Management has been unresponsive to my staffing concerns. How do I get management to address the problem?


Dear Donna,

I work in an inpatient infirmary at a correctional facility. Our usual staffing is two RNs and two LPNs. Our census is up to 21. Last week, one RN was scheduled to be off without a replacement. One LPN called in sick, which left us with two nurses and 18 patients. I felt it was unsafe. I called the administrator and left a voicemail for her about the situation. No call back. I called the ADON — she was out sick and said she would call back. No response. Do I need to contact human resources? This is not the first time management has been unresponsive to staffing needs.


Dear Donna replies:

Dear Cheryl,

I consulted a human resource expert on this. Here’s what he had to say: “The on-call administrator and ADON bear responsibility in this situation — the administrator because she should have been available to deal with any crises that might arise, and the ADON because she was aware of a problem but failed to act. There is a big difference between unresponsiveness on the part of administration and administrative decisions with which an employee does not agree. The latter is a part of life, but the former never is acceptable, in my opinion. If management truly is unresponsive, I believe the nurse should document all incidents and file a formal complaint in accordance with the organization’s established procedure. HR can provide guidance on the best way to go about doing this.”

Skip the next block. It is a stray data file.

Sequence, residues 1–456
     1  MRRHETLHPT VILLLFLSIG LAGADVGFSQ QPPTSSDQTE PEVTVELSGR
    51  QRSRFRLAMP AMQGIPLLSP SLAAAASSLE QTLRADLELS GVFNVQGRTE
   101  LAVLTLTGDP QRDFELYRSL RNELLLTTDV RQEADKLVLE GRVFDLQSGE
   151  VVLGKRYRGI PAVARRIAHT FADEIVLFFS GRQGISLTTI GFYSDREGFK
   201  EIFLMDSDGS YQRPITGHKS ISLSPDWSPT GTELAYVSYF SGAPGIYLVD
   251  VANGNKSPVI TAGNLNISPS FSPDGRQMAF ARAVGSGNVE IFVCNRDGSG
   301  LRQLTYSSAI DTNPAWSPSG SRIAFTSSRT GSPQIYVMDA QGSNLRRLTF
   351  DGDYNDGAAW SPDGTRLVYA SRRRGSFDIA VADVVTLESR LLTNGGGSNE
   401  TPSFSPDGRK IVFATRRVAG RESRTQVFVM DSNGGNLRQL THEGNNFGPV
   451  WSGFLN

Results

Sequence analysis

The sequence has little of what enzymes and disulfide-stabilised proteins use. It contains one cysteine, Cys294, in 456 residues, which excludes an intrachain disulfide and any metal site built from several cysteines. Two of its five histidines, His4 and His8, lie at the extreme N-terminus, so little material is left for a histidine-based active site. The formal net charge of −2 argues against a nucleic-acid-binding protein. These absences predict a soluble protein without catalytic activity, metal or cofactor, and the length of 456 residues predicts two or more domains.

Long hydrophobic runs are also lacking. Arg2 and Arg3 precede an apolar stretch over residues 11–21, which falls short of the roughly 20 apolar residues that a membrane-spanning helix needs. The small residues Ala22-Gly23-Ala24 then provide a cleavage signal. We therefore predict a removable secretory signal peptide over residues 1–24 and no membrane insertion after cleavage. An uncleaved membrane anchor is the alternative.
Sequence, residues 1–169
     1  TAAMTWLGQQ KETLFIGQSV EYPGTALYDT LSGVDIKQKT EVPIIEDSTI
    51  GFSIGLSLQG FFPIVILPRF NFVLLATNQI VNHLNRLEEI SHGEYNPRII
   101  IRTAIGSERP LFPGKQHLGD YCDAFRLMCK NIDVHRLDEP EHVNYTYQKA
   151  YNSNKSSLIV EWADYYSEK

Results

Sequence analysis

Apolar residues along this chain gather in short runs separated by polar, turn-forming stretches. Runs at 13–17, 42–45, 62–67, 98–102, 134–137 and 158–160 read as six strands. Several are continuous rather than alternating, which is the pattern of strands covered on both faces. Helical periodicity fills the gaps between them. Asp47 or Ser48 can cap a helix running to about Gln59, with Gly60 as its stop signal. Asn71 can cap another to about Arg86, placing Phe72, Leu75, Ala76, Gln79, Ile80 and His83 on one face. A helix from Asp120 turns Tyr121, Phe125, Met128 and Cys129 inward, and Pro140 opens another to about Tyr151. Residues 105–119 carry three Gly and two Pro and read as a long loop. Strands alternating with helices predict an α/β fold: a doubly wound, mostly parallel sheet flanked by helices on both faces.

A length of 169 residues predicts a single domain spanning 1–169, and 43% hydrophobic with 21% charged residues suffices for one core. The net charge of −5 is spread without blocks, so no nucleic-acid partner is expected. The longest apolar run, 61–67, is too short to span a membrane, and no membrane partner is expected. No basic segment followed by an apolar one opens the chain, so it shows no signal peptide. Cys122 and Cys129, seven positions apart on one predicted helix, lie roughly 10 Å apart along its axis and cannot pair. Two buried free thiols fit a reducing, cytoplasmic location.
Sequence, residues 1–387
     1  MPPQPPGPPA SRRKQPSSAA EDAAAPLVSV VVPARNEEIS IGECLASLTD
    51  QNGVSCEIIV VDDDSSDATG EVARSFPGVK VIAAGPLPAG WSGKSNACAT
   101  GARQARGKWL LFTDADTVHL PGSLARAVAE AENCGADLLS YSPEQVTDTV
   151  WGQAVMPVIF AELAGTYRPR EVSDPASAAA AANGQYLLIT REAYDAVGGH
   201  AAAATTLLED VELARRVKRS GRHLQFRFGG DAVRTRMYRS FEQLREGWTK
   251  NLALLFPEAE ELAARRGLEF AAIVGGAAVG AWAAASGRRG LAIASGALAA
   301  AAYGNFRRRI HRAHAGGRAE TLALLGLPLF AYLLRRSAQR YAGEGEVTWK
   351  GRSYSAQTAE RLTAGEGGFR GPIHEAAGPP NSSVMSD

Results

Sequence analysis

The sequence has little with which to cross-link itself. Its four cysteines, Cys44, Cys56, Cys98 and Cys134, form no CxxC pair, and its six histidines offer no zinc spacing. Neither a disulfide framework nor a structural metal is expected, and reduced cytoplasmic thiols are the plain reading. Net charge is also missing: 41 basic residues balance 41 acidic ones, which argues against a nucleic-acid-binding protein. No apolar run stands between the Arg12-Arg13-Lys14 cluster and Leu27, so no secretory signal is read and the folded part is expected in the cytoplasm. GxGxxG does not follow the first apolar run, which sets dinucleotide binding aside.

My best wishes,

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